Male bottlenose dolphins engage in sexual activities through rubbing of genitals, or inserting their penis in others’ anus or genital slit. Whereas female bottlenose dolphins insert their beaks in the genital slit of another while swimming. Homosexual bottlenose dolphins are known to have long periods of sexual intercourse. The male to male dolphin relationship is passionate and extreme. Male dolphins create pairs, trios or even larger groups and mount with one another from time to time. Both males and females usually mingle and fool around with the same sex before mating with the opposite sex.
Bonobos are bisexual and they engage in heterosexual and homosexual activities.
Both male and female bonobos are bisexual and they engage in heterosexual and homosexual activities. 60% of same-sex sexual activities occur between two or more female bonobos. Female bonobo dominates in the bonobo society which is not common among apes.
Wild bison are known to frequently engage in male to male sexual activities.
Homosexual activities between bulls are more common between bison. Female bison only mate with bulls once a year, and it is during the mating season, bulls tend to engage in more sexual activities with other bulls several times a day.
Macaques engage in both heterosexual and homosexual activities.
Both males and females form bonds with the same sex that will last for days or weeks, mostly, with multiple partners of the same age. They engage in affectionate and playful activities. Interestingly, studies have shown that when female macaques face macaques of both genders, they will choose female macaques as sexual partners.
Albatrosses stay with their same-gender partners for life.
Albatrosses are found in Oahu, Hawaii, and 30% of the pairings are female. During the mating season, female albatrosses mate with male albatrosses. Afterward, the female albatrosses will return to their nests to lay eggs and spend time with another female albatross. Each pair of mating albatross can only produce a single egg, where the parents take turns to incubate their eggs.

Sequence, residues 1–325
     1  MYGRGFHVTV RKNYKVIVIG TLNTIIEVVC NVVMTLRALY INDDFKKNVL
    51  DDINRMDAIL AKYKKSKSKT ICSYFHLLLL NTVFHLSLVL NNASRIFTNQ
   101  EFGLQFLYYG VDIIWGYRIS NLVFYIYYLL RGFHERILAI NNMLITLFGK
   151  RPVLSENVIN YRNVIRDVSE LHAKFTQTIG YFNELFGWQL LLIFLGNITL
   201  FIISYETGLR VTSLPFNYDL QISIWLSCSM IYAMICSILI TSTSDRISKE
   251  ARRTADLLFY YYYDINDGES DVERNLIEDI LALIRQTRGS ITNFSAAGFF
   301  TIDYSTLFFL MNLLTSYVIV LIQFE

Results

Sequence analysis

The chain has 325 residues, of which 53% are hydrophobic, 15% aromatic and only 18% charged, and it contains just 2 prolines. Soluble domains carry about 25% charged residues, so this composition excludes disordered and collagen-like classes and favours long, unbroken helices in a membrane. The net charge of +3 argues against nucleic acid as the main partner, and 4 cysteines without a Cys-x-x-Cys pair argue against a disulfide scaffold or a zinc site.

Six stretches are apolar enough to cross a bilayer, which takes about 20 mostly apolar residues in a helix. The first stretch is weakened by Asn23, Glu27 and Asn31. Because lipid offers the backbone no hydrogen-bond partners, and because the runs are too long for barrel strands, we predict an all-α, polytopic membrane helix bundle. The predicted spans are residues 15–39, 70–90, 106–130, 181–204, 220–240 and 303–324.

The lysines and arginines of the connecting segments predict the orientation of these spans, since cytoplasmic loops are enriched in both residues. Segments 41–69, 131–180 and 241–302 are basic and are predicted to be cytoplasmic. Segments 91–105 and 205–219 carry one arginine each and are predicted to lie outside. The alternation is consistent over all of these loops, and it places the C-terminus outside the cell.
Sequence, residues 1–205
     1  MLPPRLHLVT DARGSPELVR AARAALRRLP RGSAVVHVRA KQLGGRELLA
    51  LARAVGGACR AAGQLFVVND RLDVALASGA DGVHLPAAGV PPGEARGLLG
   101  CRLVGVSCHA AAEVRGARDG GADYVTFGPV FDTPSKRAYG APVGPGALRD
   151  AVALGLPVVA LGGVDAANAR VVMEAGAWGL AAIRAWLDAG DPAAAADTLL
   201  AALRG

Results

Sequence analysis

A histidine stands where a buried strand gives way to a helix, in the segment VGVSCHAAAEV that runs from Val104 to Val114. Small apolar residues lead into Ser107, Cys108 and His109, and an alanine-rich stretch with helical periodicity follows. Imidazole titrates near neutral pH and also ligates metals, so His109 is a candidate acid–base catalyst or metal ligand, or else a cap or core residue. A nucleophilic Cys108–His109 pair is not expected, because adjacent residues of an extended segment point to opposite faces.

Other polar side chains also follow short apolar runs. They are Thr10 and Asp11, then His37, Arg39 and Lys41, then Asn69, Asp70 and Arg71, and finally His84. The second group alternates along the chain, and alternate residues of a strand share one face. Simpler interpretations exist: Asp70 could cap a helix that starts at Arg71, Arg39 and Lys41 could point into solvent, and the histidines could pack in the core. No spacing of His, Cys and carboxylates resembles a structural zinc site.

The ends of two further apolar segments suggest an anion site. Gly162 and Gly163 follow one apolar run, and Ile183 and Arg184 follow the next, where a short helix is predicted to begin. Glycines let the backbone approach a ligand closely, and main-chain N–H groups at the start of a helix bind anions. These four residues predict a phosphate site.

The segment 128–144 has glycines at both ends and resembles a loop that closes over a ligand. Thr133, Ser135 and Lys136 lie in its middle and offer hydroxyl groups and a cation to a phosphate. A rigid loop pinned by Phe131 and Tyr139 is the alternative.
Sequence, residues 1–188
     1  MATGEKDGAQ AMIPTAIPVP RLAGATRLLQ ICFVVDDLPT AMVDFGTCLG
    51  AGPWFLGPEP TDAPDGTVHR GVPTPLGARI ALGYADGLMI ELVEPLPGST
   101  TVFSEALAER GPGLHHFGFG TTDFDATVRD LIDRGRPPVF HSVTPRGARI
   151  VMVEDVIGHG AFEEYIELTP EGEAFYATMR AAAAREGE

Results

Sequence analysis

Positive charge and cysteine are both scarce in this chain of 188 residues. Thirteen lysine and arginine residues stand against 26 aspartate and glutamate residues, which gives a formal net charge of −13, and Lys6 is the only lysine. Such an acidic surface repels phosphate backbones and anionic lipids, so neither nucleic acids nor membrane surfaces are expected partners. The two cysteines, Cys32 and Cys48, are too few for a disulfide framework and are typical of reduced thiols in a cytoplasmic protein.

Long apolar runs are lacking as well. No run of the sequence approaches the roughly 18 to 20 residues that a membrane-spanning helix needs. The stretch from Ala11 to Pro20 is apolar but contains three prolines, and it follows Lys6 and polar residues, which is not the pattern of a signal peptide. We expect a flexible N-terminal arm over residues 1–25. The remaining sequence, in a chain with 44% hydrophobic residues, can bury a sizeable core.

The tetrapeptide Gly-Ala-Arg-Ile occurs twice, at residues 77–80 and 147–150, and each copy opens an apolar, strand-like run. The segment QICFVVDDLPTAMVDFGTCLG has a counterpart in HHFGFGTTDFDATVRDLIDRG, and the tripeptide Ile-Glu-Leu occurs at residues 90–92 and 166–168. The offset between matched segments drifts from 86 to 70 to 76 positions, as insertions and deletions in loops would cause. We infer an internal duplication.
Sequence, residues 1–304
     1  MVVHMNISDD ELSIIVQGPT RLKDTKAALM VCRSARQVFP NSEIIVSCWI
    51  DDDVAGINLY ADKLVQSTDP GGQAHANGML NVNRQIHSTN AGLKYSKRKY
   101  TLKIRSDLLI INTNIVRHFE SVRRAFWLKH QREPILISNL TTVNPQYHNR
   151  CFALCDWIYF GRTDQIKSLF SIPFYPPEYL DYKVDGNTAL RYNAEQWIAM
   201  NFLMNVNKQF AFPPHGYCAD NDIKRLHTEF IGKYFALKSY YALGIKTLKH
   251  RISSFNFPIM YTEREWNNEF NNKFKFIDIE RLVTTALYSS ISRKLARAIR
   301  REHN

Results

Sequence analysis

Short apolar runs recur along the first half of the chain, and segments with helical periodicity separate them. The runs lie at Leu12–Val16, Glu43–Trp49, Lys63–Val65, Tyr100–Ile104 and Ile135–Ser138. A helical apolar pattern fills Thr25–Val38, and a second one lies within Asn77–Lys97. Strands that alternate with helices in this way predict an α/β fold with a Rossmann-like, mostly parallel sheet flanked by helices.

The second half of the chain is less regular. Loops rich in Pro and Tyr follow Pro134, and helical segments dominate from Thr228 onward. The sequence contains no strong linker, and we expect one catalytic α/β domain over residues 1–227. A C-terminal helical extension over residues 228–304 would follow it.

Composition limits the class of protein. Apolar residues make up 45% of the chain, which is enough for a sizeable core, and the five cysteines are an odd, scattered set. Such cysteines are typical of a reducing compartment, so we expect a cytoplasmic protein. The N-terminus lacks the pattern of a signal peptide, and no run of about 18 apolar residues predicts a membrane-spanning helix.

About one-quarter of black swans pairing are males.
About one-quarter of black swans pairing are males. To obtain eggs, they form short-term threesomes with females but chase them away after laying eggs. In other cases, they also adopt abandoned eggs. The male swans spend enjoy each other’s company for life, raise chicks, and protect their common territory.
Male walruses are homosexual before they mature.
Male walruses are exclusively homosexual before reaching their maturity. These matured male walruses then become bisexual. Upon reaching maturity, they mate with female walruses during the breeding season and have sex only with male walruses after that.
Male penguin pairings are formed due to loneliness.
As early as the year 1911, it was observed and documented that penguins engage in homosexual behavior. Even in recent years, male penguin pairs are common in both zoos and the wild. More than 25% of the penguin colony in Antarctica are same-sex pairs, with a majority of them male pairings. One reason is the lack of female penguins in the colony and these male penguins feel ‘lonely’.
Warthogs form same-sex long-term bonds.
Biologists observe that female warthogs form long-term pair bonds with other female warthogs. They show affection by mounting or riding with other females with their heads on the rear. They also raise their young together. Male warthogs have same-sex partners as well, but they do not engage in any sexual activity.
Female spotted hyenas have 'psuedopenises'.
It is difficult to determine the gender of spotted hyenas, moreover their sexuality. The female hyenas have masculine features, including male genitals. They have an elongated clitoris, where they urinate and give birth. The difference between the female and male genitals differs between the shape of the tip. The female has a blunt tip while the male has a pointed tip. Similar to female warthogs, the female spotted hyenas perform sexual activities with another female.